Friday, November 12, 2004

Anonymity and the Internet

Internet use is seldom truly anonymous. In most cases, ISPs keep records which will link users with their online activities. Consequently, litigants or potential litigants often approach ISPs looking for disclosure of users' identities. The most high profile examples have been in the music industry's file sharing cases, which are now set to come to Ireland.

May ISPs voluntarily disclose this information? Must they notify their users before doing so? Can litigants obtain a court order compelling an ISP to reveal the identity of a user? On what terms? I discuss the legal issues involved in this article, which originally appeared in the Commercial Law Practitioner.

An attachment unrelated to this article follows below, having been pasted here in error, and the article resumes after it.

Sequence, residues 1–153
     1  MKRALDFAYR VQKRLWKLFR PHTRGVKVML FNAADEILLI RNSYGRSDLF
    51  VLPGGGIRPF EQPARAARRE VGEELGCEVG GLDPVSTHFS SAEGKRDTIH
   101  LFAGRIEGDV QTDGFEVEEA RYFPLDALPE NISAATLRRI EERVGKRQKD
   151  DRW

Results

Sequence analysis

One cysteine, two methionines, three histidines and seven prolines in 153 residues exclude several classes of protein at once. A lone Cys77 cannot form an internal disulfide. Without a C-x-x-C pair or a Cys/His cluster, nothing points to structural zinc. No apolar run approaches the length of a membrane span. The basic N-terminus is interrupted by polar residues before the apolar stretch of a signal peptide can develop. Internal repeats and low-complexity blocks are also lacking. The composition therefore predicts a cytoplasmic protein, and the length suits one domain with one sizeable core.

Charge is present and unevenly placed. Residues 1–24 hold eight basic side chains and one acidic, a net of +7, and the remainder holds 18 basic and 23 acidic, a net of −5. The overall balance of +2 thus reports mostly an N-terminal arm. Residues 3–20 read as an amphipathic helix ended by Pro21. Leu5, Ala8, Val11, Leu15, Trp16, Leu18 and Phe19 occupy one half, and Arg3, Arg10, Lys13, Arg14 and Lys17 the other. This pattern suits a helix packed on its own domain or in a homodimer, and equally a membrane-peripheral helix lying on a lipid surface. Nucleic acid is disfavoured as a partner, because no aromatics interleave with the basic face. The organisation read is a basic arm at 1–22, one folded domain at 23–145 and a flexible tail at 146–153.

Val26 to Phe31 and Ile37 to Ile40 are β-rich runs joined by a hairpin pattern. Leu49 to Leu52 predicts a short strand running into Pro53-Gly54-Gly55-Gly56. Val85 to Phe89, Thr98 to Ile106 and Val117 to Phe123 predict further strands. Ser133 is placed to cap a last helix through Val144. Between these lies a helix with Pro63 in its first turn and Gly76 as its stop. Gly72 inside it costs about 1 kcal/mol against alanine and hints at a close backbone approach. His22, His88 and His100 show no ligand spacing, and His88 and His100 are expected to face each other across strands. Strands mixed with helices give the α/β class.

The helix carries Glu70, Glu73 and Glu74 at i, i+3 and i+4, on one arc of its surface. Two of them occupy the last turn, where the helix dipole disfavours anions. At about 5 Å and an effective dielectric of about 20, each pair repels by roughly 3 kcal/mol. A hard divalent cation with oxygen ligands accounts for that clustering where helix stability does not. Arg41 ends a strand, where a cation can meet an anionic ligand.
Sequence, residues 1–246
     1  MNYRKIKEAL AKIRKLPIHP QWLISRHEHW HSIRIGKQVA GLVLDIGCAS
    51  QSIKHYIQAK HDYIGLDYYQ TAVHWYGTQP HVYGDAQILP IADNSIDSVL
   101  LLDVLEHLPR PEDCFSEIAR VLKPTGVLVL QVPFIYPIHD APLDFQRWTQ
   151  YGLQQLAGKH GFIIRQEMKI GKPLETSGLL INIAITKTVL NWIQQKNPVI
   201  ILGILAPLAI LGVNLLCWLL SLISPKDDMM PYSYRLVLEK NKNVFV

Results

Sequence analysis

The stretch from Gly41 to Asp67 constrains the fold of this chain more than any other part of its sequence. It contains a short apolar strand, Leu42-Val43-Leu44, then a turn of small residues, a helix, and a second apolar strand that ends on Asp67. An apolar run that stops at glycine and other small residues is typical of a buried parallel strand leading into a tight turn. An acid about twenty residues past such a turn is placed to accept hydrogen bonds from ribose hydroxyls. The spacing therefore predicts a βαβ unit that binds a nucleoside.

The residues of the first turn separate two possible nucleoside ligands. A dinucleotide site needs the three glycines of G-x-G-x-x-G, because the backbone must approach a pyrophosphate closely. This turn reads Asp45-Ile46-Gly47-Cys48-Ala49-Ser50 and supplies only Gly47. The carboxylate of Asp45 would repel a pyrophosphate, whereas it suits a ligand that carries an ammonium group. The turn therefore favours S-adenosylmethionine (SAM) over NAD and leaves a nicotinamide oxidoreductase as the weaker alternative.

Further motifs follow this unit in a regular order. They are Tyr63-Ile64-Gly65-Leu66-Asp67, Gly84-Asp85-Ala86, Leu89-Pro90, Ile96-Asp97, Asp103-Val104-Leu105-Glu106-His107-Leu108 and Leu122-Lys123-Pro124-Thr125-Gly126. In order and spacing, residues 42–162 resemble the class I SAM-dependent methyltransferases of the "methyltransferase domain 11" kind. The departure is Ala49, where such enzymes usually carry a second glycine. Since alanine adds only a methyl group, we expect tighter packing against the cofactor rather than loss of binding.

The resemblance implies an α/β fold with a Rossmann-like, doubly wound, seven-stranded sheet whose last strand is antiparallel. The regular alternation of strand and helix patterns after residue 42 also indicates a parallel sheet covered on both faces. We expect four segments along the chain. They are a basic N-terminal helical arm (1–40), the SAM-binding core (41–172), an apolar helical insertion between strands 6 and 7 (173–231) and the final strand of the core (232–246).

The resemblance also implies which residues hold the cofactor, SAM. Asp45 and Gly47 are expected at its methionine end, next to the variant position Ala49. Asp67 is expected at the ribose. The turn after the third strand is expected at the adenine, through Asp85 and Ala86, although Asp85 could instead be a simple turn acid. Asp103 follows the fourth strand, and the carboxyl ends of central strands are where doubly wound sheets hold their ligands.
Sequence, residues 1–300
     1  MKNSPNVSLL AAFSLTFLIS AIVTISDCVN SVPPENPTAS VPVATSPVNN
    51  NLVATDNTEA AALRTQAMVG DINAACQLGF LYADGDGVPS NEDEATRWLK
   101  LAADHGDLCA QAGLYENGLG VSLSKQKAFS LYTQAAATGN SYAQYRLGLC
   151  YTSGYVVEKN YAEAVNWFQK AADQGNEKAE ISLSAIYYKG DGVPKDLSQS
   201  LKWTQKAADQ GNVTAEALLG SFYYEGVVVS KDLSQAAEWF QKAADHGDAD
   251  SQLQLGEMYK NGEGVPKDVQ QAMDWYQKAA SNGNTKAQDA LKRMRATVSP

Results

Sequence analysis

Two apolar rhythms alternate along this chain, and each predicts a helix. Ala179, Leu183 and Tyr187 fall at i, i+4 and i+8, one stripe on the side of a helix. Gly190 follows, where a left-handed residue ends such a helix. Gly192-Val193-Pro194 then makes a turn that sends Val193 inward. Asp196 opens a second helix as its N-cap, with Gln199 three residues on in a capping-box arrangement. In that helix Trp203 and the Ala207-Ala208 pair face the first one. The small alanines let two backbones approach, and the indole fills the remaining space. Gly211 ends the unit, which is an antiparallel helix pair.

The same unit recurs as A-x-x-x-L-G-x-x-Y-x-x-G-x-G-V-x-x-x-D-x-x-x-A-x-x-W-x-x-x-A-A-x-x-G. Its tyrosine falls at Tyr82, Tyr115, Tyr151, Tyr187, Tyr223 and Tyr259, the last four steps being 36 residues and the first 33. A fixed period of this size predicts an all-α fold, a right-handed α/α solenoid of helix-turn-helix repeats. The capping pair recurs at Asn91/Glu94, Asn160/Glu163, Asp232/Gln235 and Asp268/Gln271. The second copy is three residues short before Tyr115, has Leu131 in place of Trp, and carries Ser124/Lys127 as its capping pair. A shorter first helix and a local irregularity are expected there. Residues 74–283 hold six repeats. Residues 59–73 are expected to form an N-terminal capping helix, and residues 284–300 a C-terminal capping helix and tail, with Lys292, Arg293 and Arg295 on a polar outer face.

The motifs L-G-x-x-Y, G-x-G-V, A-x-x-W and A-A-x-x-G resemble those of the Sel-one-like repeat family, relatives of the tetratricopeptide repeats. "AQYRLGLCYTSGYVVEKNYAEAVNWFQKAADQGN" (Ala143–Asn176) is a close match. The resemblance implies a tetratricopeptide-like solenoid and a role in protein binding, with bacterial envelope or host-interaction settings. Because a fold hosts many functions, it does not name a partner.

Since that article was written, there has been a decision on this point in England, where Blackburne J. issued an order compelling disclosure. The full decision isn't yet available - but it appears from the news coverage that he didn't consider giving the alleged file-sharers an opportunity to make submissions before their identity was revealed. This is unfortunate. At a minimum, it ignores earlier English authority suggesting that users should be notified and given a chance to challenge any order.

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